Steve Bender finds an orderly kitchen garden with a sense of style.
garden archway
The archway leading into the garden focuses attention on the central bed beyond.
| Credit: Van Chaplin

Jeff McGee caught the gardening bug from his father and grandparents, but his mother gave him his sense of style. "She was always about making things pretty, neat, and orderly," he recalls. So it only stands to reason that aesthetics would be as important to the success of his kitchen garden as the veggies he hauls out of it.

A visit to Williamsburg, Virginia, inspired the design―a fenced garden featuring geometrically shaped beds edged in brick and connected by crushed limestone gravel paths. At its center rests a diamond-shaped bed that holds a traditional knot garden. Jeff used clipped dwarf yaupon, yellow Joseph's coat, and ‘Crimson Pygmy' Japanese barberry to make the knot. Pots of ‘Dragon Wing' begonias anchor the corners.

Gardening Basics
The vegetable beds surrounding the knot garden got off to a good start. Jeff began with the basics, amending the soil by tilling in compost, peat moss, and lots of leaves. To counter nematodes―microscopic worms that attack plant roots―he began rotating crops from bed to bed so that these and other pests wouldn't multiply.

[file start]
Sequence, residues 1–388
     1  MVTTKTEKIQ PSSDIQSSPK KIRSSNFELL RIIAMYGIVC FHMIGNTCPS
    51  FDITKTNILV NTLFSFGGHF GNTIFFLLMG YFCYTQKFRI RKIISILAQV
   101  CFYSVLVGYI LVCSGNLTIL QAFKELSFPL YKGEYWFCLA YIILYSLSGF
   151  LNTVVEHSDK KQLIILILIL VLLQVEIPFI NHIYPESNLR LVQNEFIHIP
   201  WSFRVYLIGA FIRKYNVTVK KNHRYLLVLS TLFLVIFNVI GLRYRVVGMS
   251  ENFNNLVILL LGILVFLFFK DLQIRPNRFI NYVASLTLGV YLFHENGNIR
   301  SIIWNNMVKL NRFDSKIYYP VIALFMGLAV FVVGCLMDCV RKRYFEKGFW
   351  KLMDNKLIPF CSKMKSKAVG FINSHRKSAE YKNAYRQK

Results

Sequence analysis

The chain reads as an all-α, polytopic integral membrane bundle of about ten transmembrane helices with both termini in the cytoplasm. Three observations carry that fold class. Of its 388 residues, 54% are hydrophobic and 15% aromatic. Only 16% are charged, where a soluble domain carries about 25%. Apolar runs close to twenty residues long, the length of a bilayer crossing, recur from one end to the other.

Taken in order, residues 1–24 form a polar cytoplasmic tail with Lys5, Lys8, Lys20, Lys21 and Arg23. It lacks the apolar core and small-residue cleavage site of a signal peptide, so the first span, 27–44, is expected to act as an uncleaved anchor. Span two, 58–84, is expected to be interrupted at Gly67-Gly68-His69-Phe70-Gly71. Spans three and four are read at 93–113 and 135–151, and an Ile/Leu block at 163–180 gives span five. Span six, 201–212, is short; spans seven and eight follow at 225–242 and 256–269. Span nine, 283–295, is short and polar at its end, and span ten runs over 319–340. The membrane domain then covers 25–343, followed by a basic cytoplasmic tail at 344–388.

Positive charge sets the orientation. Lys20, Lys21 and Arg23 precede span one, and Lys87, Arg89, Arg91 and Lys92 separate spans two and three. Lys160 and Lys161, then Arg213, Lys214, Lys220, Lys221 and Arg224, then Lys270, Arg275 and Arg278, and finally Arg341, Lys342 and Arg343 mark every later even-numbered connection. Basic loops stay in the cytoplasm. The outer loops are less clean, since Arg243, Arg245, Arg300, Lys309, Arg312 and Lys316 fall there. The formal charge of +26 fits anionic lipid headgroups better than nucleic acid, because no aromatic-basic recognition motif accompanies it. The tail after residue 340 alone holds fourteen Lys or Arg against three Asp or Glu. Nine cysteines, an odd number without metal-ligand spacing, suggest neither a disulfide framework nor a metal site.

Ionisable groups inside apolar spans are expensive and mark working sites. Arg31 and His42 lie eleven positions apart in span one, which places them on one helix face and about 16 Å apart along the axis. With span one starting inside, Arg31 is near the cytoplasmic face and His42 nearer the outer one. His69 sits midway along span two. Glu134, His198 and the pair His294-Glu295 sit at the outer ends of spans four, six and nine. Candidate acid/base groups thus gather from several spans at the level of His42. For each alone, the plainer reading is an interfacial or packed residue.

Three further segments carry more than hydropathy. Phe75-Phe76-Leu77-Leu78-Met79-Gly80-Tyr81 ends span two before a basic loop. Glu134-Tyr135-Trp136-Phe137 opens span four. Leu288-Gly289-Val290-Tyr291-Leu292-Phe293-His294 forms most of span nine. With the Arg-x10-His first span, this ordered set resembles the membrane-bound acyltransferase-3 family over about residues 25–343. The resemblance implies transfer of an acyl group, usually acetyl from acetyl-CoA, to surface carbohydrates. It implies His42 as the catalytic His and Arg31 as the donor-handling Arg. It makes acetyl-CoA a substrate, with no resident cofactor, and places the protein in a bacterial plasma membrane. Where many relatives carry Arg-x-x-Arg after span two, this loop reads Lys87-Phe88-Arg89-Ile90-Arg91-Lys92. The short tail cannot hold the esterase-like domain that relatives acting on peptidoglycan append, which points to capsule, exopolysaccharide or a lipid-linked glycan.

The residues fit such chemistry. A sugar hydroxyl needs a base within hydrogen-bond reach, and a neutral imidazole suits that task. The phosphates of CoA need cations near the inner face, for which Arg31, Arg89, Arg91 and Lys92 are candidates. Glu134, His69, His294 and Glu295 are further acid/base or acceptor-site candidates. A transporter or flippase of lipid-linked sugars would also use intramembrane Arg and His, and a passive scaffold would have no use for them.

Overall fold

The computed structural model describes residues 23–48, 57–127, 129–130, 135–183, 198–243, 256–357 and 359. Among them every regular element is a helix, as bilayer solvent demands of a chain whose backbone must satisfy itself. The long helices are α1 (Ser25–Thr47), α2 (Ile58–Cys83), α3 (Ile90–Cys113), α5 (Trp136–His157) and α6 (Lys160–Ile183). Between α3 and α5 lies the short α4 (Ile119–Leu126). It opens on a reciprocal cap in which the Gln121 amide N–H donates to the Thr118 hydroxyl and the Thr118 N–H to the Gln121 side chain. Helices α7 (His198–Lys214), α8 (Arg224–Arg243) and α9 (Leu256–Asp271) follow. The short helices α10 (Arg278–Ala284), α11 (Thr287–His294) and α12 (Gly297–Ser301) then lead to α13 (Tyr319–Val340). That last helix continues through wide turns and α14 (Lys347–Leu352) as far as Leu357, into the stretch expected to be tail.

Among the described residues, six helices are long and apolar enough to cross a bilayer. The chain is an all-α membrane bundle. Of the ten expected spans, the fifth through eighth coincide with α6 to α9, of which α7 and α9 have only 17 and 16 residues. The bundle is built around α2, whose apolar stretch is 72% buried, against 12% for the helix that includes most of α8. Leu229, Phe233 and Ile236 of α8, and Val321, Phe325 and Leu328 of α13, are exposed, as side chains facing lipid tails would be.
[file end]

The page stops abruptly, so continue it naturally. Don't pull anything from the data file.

He also solarized the soil prior to planting by tilling it, watering it, and then covering it with clear plastic from mid-April to midsummer. This practice produces soil temperatures hot enough to kill soil insects, nematodes, fungi, and weed seeds. "It really does work," he asserts.

Regular watering is essential to any kitchen garden. Jeff figured out how to do this aesthetically too. A sprinkler head rises from a concrete pot in the center of the barberry to water everything. Tomatoes, eggplants, peppers, squash, cucumbers, and bush beans say thank you with baskets of produce. As this example shows, vegetable gardens don't have to be ugly. Jeff was wise. He listened to his mother.